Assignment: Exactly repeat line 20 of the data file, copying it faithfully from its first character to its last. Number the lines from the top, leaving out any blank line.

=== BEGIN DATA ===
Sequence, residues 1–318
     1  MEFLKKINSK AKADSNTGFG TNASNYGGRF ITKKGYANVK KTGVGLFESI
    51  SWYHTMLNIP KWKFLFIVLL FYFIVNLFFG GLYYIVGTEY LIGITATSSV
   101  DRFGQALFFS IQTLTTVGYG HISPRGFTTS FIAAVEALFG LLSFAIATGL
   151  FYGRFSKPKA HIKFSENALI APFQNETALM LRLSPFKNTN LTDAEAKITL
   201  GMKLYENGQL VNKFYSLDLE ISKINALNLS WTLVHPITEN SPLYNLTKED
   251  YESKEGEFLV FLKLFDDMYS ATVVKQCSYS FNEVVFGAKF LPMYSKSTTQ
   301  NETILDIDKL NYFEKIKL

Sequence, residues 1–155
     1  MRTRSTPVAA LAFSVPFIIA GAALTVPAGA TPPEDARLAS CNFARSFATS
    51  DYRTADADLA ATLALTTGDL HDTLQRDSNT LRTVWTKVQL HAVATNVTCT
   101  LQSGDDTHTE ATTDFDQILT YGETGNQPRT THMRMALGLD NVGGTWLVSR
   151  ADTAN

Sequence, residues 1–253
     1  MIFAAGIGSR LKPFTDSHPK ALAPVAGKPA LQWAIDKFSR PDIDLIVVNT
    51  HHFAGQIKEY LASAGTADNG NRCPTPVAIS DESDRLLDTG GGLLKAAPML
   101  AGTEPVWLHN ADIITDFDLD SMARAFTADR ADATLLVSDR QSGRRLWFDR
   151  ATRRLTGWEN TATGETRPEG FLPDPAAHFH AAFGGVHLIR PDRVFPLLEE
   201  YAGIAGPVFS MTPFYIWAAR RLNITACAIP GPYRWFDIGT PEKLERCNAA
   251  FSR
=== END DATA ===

   251  FSR